BENGALURU: Ahead of the possible third wave of Covid-19, experts have expressed concern over the new Lambda variant which is prevalent in over 25 countries. The 14-member committee of paediatric experts, set up by the Bruhat Bengaluru Mahanagara Palike (BBMP), has said that the government should start preparing by ramping up infrastructure as there is very little clarity on how the new variant will affect children, who are likely to be affected the most in the third wave.
The BBMP has identified 260 paediatric beds in the city, of which 60 are ICU, HDU (high dependency unit) and oxygen beds. The paediatric experts’ committee has, however, emphasised on the need to create 400-450 paediatric ICU, HDU and oxygen beds to face the third wave.According to the committee, the infection rate among children during the first two waves of the pandemic was 12 per cent. So far, only 5 percent of the infected children needed hospitalisation and less than 1 percent required ICU treatment, said an expert.
“There are around 25 lakh children in Bengaluru alone. So, if 2.5 lakh children get infected, 2,5000 of them may need medical intervention. So, at least 450 ICU beds with oxygen will be needed,” the expert added. “It is a rough estimate and the same calculation can be done for the state as well,” the committee has told the government.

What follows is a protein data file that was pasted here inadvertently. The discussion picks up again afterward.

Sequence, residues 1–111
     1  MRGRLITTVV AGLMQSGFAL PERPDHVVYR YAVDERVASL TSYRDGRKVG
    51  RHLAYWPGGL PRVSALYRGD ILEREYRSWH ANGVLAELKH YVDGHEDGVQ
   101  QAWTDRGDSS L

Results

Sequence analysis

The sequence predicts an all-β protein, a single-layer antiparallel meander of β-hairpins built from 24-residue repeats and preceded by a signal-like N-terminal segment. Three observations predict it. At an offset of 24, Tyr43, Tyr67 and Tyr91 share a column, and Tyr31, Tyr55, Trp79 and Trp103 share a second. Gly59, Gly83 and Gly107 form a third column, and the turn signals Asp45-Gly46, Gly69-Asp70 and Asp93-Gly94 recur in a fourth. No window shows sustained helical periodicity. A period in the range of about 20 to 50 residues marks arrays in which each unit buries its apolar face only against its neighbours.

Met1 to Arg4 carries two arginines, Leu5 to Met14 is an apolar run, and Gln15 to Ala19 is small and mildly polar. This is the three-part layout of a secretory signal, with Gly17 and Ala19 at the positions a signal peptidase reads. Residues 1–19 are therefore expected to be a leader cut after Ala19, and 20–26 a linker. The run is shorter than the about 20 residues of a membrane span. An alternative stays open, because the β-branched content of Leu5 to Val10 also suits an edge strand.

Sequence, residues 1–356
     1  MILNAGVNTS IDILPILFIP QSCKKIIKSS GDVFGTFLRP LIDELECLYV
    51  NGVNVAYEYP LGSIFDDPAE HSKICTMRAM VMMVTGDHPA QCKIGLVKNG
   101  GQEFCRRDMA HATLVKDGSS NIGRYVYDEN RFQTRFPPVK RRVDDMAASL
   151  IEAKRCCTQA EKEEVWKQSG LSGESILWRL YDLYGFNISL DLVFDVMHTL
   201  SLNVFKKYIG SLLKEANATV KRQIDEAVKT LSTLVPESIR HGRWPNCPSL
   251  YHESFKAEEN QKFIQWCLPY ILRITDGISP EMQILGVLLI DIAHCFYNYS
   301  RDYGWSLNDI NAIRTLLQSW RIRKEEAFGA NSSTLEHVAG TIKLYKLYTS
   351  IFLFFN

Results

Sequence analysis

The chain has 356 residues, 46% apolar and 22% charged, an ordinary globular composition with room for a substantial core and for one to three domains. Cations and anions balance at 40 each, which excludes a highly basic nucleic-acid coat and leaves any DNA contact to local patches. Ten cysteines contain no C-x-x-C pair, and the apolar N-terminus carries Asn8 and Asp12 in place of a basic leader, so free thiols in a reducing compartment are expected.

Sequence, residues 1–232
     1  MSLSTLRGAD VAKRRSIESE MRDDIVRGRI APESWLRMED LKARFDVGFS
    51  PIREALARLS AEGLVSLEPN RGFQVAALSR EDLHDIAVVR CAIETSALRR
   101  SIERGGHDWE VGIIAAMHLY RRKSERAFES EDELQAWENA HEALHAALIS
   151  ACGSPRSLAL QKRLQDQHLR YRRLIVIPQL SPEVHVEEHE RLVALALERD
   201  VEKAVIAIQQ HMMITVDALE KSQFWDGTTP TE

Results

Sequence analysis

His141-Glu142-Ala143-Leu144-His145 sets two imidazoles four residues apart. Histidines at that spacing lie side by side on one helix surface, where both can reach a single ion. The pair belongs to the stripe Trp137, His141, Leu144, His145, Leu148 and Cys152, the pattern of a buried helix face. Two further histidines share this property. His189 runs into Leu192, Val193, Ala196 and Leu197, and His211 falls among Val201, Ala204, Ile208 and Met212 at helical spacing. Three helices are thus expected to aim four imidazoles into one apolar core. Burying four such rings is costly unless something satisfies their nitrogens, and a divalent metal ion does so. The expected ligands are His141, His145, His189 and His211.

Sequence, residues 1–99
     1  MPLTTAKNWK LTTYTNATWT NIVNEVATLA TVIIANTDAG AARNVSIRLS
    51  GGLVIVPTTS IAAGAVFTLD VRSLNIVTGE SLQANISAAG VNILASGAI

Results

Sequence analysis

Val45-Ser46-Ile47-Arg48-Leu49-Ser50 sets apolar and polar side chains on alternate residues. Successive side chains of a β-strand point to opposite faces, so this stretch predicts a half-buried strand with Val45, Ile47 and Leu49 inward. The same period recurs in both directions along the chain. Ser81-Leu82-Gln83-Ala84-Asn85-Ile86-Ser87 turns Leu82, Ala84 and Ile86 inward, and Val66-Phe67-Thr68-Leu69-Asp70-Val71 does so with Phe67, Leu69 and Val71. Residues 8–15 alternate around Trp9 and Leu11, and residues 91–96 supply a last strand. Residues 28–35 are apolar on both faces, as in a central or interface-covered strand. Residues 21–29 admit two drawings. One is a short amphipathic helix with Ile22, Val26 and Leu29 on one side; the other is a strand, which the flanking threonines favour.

Dr Sanjay K S, Director, Indira Gandhi Institute of Child Health, told TNIE that children are the most vulnerable as they are not vaccinated against Covid-19. “Preparations should be made well in advance as we have seen cases of children developing multi-inflammatory infections post Covid-19,” the doctor, who is also a member of the paediatric advisory committee, added.While the committee has expressed relief that the State Government has already started setting up Covid Care Centres (CCCs), it has also recommended for peripheral vaccination at the earliest — jabbing all those who handle children, including parents, grandparents and other family members, attendants and teachers in schools, drivers, helpers and others.With experts suggesting that most of the Covid-positive patients don’t require hospitalisation and can be treated for symptoms at home, the committee members have recommended to the government to enhance surveillance.